Science / Technology

The World’s First Acoustic Cloaking Device

At Duke University, North Carolina, engineers have created the world’s first 3D acoustic cloaking device. Using perforated sheets of plastic metamaterials, the device bends sound waves in a way that creates the illusion that the device and anything beneath it are not there at all.

In 2006 professor of electrical and computer engineer Steven Cummer and his team started to look at the underlying theory and maths that showed how you could design this kind of structure on paper. They began investigating what materials would bend and manipulate electromagnetic waves like light and radio waves in a way that would hide an object.

“People including myself started to think about whether you can apply the same mathematics to sound waves,” Cummer said. “Which are different to light in some ways but the same in other ways, since then the entire field has been taking steps towards building more and more complicated devices.

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Professor Cummer described the tricks behind acoustic cloaking, first you need to make sure the object reflects no sound. It also needs to bend the waves around itself and the concealed object and the fill the ‘shadow region’ behind and come away as if no object were there at all. The big step that made that possible was the underlying mathematical theory that showed you what kinds of materials and material properties you needed to make a shell that would bend waves in exactly the right way.

“What we’re doing is manipulating sound waves and the theory for that says that you need to create a material that has very specific properties,” explained Cummer. “One of the things that it has to do is have a different speed of sound depending on the direction through the material that the wave is travelling, and that is not a material property that is common in natural or normal materials.”

In air for instance it doesn’t matter what direction a sound wave is travelling, it will always be the speed of sound. But in the materials used for the cloaking device, you have to be able to control the sound speed separately in two perpendicular directions. This opens the up the world of metamaterials, engineered materials that are designed to possess qualities necessary for the task in mind.

“You just need some solid, rigid structures that are carefully designed and so the basic building block of what we built is a cube,” Cummer said. “A slice through the middle of that cube is a thin plastic sheet with one hole in it and that’s like Lego building block. So what’s actually made is an assembly of many of those blocks stacked together in a pyramid configuration.”

There is some added challenge of making this type of technology work in water however, to block things like sonar. Cummer states that when designing these materials, a really important thing to consider is the contrast between the background material, which in this case is air, and the structure that you use to assemble the object, which is plastic. The contrast between waves in air and in a solid is enormous, it’s very easy to compress air but its very hard to compress plastic or metal. There’s much less contrast between water and solid material and that means that the wave energy would get into the plastic way much more than it does in air.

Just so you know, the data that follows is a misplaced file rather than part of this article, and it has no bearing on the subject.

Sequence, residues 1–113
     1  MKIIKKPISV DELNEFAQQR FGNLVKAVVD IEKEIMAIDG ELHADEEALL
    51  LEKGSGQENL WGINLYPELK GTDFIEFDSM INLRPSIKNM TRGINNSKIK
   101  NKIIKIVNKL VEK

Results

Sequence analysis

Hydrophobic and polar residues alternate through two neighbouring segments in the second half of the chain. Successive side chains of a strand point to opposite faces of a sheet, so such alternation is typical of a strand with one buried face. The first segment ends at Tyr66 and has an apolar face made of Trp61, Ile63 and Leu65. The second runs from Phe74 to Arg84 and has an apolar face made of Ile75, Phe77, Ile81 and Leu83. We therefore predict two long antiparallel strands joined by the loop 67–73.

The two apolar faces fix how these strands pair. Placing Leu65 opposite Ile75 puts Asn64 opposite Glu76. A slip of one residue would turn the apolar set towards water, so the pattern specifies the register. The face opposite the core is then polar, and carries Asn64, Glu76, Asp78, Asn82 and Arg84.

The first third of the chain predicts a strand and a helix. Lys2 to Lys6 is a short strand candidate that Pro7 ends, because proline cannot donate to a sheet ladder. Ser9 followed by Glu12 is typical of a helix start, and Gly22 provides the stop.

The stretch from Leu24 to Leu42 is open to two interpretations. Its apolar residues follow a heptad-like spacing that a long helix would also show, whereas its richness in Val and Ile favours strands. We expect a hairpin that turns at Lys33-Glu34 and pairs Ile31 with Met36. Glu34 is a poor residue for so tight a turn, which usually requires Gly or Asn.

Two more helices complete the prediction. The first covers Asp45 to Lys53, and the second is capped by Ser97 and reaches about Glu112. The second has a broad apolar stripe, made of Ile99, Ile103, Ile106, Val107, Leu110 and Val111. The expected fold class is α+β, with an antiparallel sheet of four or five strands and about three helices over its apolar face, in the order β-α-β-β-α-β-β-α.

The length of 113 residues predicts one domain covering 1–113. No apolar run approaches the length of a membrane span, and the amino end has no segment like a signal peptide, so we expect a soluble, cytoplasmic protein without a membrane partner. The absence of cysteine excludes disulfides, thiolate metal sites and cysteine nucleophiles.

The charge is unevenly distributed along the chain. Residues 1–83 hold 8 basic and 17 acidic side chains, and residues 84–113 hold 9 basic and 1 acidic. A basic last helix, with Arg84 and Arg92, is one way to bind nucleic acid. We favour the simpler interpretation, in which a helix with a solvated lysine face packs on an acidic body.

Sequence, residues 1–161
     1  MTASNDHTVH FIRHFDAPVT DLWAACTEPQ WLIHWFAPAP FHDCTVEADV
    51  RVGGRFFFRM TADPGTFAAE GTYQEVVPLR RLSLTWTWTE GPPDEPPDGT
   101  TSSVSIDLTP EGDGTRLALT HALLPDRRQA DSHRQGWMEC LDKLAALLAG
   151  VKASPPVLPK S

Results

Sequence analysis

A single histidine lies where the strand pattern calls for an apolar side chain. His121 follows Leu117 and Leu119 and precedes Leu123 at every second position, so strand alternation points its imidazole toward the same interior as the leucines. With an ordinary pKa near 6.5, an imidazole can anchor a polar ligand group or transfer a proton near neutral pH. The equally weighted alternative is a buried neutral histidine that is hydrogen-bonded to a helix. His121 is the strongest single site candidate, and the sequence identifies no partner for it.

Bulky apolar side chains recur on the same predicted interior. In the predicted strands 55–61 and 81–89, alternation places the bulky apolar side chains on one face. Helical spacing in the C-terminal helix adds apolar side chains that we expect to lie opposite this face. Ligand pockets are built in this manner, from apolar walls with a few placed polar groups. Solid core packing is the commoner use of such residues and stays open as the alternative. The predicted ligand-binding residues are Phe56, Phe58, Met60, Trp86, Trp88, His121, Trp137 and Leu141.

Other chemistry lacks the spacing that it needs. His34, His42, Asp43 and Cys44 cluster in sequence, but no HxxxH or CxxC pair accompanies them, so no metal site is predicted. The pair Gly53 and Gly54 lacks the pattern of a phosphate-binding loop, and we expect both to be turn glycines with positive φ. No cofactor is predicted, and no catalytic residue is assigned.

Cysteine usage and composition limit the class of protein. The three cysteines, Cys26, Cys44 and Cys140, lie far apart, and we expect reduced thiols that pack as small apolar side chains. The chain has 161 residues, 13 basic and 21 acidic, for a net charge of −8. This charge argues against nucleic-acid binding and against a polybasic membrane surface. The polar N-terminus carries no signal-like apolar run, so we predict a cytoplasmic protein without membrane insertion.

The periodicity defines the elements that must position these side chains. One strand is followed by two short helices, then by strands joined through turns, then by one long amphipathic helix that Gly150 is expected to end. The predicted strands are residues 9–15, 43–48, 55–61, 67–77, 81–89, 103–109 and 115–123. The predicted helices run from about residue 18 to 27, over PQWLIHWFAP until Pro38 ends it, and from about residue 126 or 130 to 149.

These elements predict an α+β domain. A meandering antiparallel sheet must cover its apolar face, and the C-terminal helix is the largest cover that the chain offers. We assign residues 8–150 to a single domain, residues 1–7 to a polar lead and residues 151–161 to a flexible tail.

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“This complicates the design enormously,” Cummer said. “In air we can treat the plastic like it’s infinitely rigid and any solid material and theres no wave energy that gets into it but in water it’s a totally different story. There’s no research yet, but it’s something we’re starting to definitely think about.”

There’s a great deal of acoustic design that goes on in controlling how spaces sound, Cummer is interesting in seeing whether this type of device could have applications for architectural spaces.
“We’ve all been in terrible spaces trying to listen to talks where there’s just echoes going on all around and you can’t understand anything,” he said. “Thinking about what we’ve done a little bit more generally, what we actually did was the equivalent of making a bumpy surface reflect sound as if it were a flat surface but you can also twist it another way and engineer something that was a flat surface made out of this kind of material but actually reflected sound as if it were a bumpy surface.

“You can create surfaces that look visually one way but actually interact with sound as if they are completely different structurally,” he added. “So that’s an interesting thing in toolboxes for people who are doing acoustic design.”

Cummer has spoken to designers who do a lot work on sound diffusers that are used in architectural spaces and studios who want to design an object that when sound hits it, it reflects sound in all directions so you don’t get reverb but you get this evenly diffuse, distributed echo.

The current model for this technology stands at about 30cm wide but scaling this up would not be an issue, although more testing would need to be done to make sure no mechanical vibration takes place. A further update on the research and advancements in this field are expected within the next few years.

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